Your nails reflect your overall health. They should be firm and smooth. The nail plates should be uniform in color without pits or grooves. The tips should be strong and white, and the cuticles should be visible.
Proper nail care will help nails stay beautiful and healthy. Here are some dermatologist-approved tips for taking care of your nails.
Dos and Don’ts for Healthy Nails
- Clip with Care. Use nail clippers to keep your nails short. This will help prevent dirt, germs and bacteria from building up beneath them. For fingernails, use clippers to round off the corners slightly and an emery board to shape them further, if you like. For the toes, clip straight across to avoid ingrown toenails. Clipping your nails regularly will keep them from snagging, breaking or getting ripped.
- Don’t Bite. Biting your nails is not only unsanitary, it can damage the skin around your nails, giving germs an opportunity to take hold and create a bacterial or fungal nail infection. Picking at your cuticles or ripping off hangnails can do the same. If you have a habit of biting your nails that is hard to break, try applying a bitter-tasting nail-biting deterrent or using fake nails to cover up your real ones. In a pinch, gloves or band-aids work, too!
- Don’t Cut Cuticles. The cuticle is a thin layer of skin at the bottom edge of your finger or toe. While it is common in nail salons to cut this skin away, we advise against this practice. The cuticle has an important role protecting new nails as they grow from the nail root. If it is damaged, infection can occur and new nail growth can be impaired. If you don’t like the look of your cuticles, you can gently push them back with a nail tool like an orange wood stick or a sanitized metal cuticle pusher.
- Wear Gloves. To keep your nails in good condition, wear gloves any time you use hot water, dirt, or chemicals, including those used for house cleaning. Cold air can also dry out your nails, so wear gloves to protect your hands in the winter.
- Moisturize. Include your nails as a part of your regular moisturizing routine. Apply a quality moisturizer to the skin around your nails after showers, including the cuticles. Alternatively, you can use a special cuticle oil, especially if your cuticles are very dry.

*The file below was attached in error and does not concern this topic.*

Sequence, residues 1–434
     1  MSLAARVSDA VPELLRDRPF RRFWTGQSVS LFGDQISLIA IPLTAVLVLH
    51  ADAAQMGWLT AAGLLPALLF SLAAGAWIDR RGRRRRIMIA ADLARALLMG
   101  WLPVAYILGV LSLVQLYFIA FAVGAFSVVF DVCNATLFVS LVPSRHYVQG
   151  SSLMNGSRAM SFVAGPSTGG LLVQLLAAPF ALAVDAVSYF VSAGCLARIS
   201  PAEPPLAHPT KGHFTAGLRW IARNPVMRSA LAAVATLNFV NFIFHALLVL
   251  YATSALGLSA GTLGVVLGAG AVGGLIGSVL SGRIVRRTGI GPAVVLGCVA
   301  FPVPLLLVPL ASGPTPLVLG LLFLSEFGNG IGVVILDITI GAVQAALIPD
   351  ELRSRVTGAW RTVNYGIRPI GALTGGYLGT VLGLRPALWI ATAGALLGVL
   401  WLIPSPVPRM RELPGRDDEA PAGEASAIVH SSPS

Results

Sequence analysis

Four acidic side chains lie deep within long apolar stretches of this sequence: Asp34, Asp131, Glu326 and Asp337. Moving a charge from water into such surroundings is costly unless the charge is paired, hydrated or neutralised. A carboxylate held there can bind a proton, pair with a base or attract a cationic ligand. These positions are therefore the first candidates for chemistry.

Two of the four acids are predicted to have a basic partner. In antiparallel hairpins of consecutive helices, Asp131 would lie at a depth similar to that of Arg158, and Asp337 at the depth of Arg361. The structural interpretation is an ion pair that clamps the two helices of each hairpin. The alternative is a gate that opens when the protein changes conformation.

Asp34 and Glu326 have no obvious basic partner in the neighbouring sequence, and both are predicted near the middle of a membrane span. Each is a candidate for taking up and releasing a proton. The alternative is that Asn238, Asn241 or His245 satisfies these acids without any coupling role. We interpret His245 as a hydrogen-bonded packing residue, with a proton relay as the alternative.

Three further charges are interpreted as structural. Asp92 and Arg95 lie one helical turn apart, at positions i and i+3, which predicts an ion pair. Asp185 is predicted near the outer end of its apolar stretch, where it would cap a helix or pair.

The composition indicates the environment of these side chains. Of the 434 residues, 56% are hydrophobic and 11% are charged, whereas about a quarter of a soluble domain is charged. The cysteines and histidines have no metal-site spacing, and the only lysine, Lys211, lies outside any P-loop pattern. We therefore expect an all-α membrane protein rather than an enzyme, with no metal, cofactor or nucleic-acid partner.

- Check your Polish Products. Some polishes are harder on nails than others. For example, gel polishes require soaking in acetone and aggressive peeling, scraping and buffing to remove them. Wearing gel polish for long periods can also make nails brittle and dry, so use gel polishes sparingly if at all. Opt for acetone-free nailpolish remover and polishes that are free from harsh chemicals like toluene, formaldehyde and DBP that can turn nails dry and brittle. If you do keep your nails painted, give them a break every now and again, and make sure you remove nailpolish when having your annual skin check with your dermatologist so the doctor can check your nail beds for signs of skin cancer.
- Eat More Biotin. Last, but not least, eat more biotin! Bioton, also known as Vitamin H, helps to fight brittle nails and has been shown to improve the quality of hair, skin and nails. Some foods rich in biotin include eggs, almonds, cauliflower and sweet potatoes.
See a Doctor for These Nail Problems
If you notice problems with your nails, a dermatologist is the right place to bring those concerns. Some nail issues are harmless, but others can be signs of more serious health problems. Some things to look out for include:
- Discolored nail or nails
- Dark streaks in the nail bed (this can be a sign of subungual melanoma, so don’t wait to see a dermatologist)
- The nail plate separating from the nail bed
- Changes in nail shape
- Thickening or thinning of nails
- Ragged, brittle or crumbling nails
- Nails stop growing properly
- Bleeding, swollen or inflamed nails
By taking care of your nails and reporting any problems promptly to your dermatologist, you’ll be well on your way to beautiful, healthy nails!